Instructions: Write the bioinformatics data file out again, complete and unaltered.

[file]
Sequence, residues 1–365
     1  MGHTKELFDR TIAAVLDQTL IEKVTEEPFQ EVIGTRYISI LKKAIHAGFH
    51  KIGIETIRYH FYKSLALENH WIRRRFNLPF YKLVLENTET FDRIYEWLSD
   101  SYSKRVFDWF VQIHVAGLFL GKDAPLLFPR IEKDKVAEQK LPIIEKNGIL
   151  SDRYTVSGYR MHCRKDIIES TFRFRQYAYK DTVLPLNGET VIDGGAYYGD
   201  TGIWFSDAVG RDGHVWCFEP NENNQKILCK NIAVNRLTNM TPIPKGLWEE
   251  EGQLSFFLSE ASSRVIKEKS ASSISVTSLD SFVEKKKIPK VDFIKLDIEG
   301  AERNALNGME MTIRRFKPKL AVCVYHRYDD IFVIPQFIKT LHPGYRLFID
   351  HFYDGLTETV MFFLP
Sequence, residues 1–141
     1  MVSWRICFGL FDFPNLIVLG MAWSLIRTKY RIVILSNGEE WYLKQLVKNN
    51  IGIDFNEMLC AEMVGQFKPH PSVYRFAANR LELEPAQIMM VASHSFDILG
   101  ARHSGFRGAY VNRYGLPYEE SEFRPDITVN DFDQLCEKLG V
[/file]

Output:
Sequence, residues 1–365
     1  MGHTKELFDR TIAAVLDQTL IEKVTEEPFQ EVIGTRYISI LKKAIHAGFH
    51  KIGIETIRYH FYKSLALENH WIRRRFNLPF YKLVLENTET FDRIYEWLSD
   101  SYSKRVFDWF VQIHVAGLFL GKDAPLLFPR IEKDKVAEQK LPIIEKNGIL
   151  SDRYTVSGYR MHCRKDIIES TFRFRQYAYK DTVLPLNGET VIDGGAYYGD
   201  TGIWFSDAVG RDGHVWCFEP NENNQKILCK NIAVNRLTNM TPIPKGLWEE
   251  EGQLSFFLSE ASSRVIKEKS ASSISVTSLD SFVEKKKIPK VDFIKLDIEG
   301  AERNALNGME MTIRRFKPKL AVCVYHRYDD IFVIPQFIKT LHPGYRLFID
   351  HFYDGLTETV MFFLP
Sequence, residues 1–141
     1  MVSWRICFGL FDFPNLIVLG MAWSLIRTKY RIVILSNGEE WYLKQLVKNN
    51  IGIDFNEMLC AEMVGQFKPH PSVYRFAANR LELEPAQIMM VASHSFDILG
   101  ARHSGFRGAY VNRYGLPYEE SEFRPDITVN DFDQLCEKLG V